Sunday, January 4, 2009

Call for Action: Get Rid of Grades

Of all the calls I make, this will be the one with the most inertia. The easiest logistical one to do and the hardest to get done. There will be too much dragging of feet on this one.

We should eliminate grades in our schools. Not assessment, but grades. They are more than outmoded... they are harmful for our kids.

Now, before I'm pigeon-holed as Alfie Kohn, I should say... well, you are right. My thoughts do mirror his very closely. But I've reached my conclusion through my own experiences. I have yet to see grades help kids.

Here is what I have seen. I have seen many, many conversations about the grade and not the learning. Many of those have been with the students. Many more of those have been with parents, on behalf of their students, of which many times involves some shady half-truths being said by the students to the parents, causing a tense conflict based on misconceptions. And why would students give shady half-truths (it's not my fault... the teacher didn't accept my work)? Grades are often further incentivized by money for A's and grounding for F's. You would do some shady half-truths too.

Many of those conversations have come between me and myself. I've agonized over the correct number of points to have a quiz so that it fit within the grand grading scheme for the course. I've had to balance objectives against objectives on the value of their points. I've had to scrutinize grades down to the half-point. I've spent much of the time I should have been helping students getting better on grading.

And, that's the biggest problem. Grades do not help students get better. Students accept what is given. The grades promote mediocrity. Think about the message... here is an objective, and you scored about 80% on it, which fits you in about halfway in our class. There's no impetus to improve on the 20% you've missed out in, because as many teachers have in their grading schemes, the chance to make up the missed points takes away the consequences for missing the original deadline. So, we can't have that, can we?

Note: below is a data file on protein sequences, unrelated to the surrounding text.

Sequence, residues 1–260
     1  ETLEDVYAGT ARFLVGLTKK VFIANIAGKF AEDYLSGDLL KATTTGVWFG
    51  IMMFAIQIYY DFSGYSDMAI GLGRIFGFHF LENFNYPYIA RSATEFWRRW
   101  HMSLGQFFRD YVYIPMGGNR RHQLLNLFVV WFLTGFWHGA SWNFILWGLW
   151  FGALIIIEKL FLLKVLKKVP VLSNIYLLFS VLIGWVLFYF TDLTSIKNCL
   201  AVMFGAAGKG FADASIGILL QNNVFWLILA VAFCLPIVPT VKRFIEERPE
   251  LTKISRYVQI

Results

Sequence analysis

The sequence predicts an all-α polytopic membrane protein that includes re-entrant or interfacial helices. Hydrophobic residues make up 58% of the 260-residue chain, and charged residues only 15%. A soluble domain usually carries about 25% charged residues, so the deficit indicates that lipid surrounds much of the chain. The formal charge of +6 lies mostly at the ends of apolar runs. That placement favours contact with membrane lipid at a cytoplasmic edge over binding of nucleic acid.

One maxim I live by in education, if something is worth knowing, it is worth knowing 100%. And, students should keep working on it until they get 100%. And, all else should be eliminated or enrichment.

Which brings up to what I saw as a principal. Teachers would hand out grades and assume that their work is done as well, and they would move on to the next item. After all, students were in control of their grades. There's this unwritten rule that grades absolve a teacher from having to re-teach material.

One of the best ways to judge the quality of a teacher is to set up a hypothetical: If three-fourths of your students got F's on the latest quiz, what is running through your mind? The not-so-good teachers will blame the students... they aren't studying. Or, perhaps the parents... they aren't making sure the students study. The good teachers will blame, or at least, point responsibility to themselves. What can I do to help students so that they learn this material, they will think. That is after all, the point of school, that students learn the material--not to be the judge of who is learning and who isn't.

And, that leads me to the 3rd thing I saw. They only rank and sort kids. They are a big way of saying "How do you compare to everyone else?" We never get a chance to have students compare themselves to... themselves. Never to look at how much they have grown, or what they have left to do. Never to let them have individual goals and plans. No, they are judged against everyone else, and then reminded over and over about how they do. Think of the message that printing honor rolls and having awards assemblies based on grades does for students. Is there any reflection on these things about what we have learned? No. Just who received what grade.